This is the 23rd in a series of personal essays by the @U2 staff about songs and/or albums that have had great meaning or impact in our lives.]
"Tomorrow" is one of those songs that is special to me. Not so much for its melody, composition, or lyrics. I don't like it in the same way I love the energy of "Elevation" or the moving story told in "One." But I recognize the simple, yet urgent question the song revolves around:
Won't you come back tomorrow?
A question to which the answer will always remain a stunning blow from reality.
March 1, 1986. It was an early spring evening, just after dinner. My mother put a tape in the video recorder for me and my biovular twin sister. In all likelihood it was an episode of Nils Holgersson, a Swedish cartoon we adored.
My father wasn't feeling great, so he decided to go to bed for a while to see if he would feel any better. None of us could have imagined it would be the last time we saw him alive. But that evening, he died in his sleep. Without any warning, with no known illness. Only 36 years of age, leaving behind his wife and two 4-year-old girls.
Losing a parent at such an early age was an experience with great impact. Four-year-olds are just beginning to explore the world and become aware of other people and their relationship to them. Three to four years old is also the age at which we start to actively remember
significant events. The sad thing is, I don't have that many memories of my father. There's a handful of them, and everything else I know about him is through stories told by other people. So essentially, I miss someone I never really knew.
Somebody's knocking at the door
There's a black car parked
At the side of the road
Don't go to the door
Don't go to the door
After I became a U2 fan, I started reading up on the band's past to grasp some of its history. When I read about Bono's mother dying when Bono was 14, and then Larry's mother when he was 17, it gave me a sense of personal connection. Here were my newfound heroes, and they weren't sheltered from grief or misfortune. The death of their parents resembled my own experience: sudden and unannounced.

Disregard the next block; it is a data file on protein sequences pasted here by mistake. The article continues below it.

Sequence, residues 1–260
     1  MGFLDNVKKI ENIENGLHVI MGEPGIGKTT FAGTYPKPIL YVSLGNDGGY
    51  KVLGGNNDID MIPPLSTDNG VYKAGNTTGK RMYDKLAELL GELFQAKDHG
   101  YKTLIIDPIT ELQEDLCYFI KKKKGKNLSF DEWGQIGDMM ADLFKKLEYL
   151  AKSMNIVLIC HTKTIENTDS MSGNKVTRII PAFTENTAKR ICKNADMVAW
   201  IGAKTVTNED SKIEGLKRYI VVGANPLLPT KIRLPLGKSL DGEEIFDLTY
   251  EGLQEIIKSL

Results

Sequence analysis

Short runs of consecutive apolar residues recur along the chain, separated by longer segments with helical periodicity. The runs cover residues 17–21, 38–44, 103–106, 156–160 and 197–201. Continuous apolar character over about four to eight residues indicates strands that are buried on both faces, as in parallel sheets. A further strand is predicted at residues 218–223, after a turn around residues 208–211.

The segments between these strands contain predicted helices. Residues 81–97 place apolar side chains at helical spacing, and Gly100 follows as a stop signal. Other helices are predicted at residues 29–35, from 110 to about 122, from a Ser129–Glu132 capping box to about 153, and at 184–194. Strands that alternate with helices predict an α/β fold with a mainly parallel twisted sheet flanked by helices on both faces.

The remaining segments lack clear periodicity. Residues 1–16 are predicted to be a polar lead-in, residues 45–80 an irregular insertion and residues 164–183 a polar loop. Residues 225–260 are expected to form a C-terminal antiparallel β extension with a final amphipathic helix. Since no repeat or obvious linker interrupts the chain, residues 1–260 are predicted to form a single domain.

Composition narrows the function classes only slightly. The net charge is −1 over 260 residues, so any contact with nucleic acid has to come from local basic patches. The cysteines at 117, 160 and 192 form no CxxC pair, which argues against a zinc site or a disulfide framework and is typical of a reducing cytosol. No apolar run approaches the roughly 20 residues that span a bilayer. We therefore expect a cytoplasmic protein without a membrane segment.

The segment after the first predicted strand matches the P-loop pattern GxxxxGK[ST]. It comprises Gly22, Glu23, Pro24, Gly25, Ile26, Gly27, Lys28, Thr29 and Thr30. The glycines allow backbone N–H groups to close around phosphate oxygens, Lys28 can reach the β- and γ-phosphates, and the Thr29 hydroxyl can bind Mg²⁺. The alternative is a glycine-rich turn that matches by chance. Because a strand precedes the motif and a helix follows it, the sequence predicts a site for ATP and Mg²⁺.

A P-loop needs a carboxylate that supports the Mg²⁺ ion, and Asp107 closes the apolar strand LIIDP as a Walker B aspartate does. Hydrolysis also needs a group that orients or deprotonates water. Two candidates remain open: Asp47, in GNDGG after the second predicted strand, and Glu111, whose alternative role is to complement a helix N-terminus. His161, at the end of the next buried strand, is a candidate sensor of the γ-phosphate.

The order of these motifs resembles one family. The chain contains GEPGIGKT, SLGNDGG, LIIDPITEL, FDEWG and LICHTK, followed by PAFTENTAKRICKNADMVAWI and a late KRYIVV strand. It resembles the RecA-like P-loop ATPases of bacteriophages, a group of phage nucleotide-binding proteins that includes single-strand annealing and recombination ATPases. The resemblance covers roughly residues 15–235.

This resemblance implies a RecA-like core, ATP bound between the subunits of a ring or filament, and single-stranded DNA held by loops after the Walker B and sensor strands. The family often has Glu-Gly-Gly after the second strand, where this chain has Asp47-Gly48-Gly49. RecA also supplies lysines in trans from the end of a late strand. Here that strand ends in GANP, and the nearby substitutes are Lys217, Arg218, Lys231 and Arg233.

October was one of the last albums I bought, so it took a while until I heard "Tomorrow." But by then I already knew what the song was about. There was a palpable despair and fear in the song, fear of the awful truth that is inevitably revealed when "the door is opened." From the first time I heard it, it made me feel uncomfortable, because it gave me such a haunting sense of sadness. Although there are many differences -- Bono and Larry both lost their mothers instead of their fathers, and they were teenagers instead of young children -- the essence of the song remains the same: the longing of a child for a deceased parent. To me the song said: "I know how you feel, it's OK to be sad."
I'm going out
I'm going outside mother
I'm going out there
"Tomorrow" also became a symbol for the bond between the band members, emphasizing the remarkable relationship they have, especially the friendship between Bono and Larry. In a talk show interview in the '80s, Larry once said it was his favourite song.
In the book Bono on Bono: Conversations with Michka Assayas, Bono admits that he can't remember his mother anymore, that he no longer knows what she looked like and what she was like. In a way, it must be even worse for him to not remember her, because he did know her for 14 years.
Who healed the wounds
Who heals the scars
Open the door
Open the door
For my mother, it was of course a great shock, suddenly being a widow, left behind with two little girls. She did her best to provide us with the security we needed, materially as well as mentally. The three of us developed a stronger bond, a bond that enabled us to mutually support one another while coping with such loss.
But as a child, I was quite serious about life and always less carefree than other kids my age. There was an awareness in the back of my mind that life wasn't just fun and that things could actually go wrong. There isn't always a safety net to save you when you lose your balance. Yet it also made me more independent, not expecting others to take care of things for me. I learned to think for myself and listen to my own intuition.
Of course, one gets used to the situation, so having only one parent is not something I think about every day. But sometimes, when relatives tell stories about my father, or when friends have funny accounts of things their fathers do, it makes me angry that my dad had to die so young and that I never had a chance to get to know him. It's a sense of frustration, which once again I can feel in the song, when Bono sings near the end:
I want you to be back tomorrow
I want it, I need it, yet it is impossible.
"Tomorrow" is a reminder that, however unwelcome, however unfair it may seem, death is a part of life. It eloquently expresses the emotions surrounding the death of a loved one in a harrowing piece of music and lyrics. That's why it will always be precious to me, like a gem: beautiful, but also hard.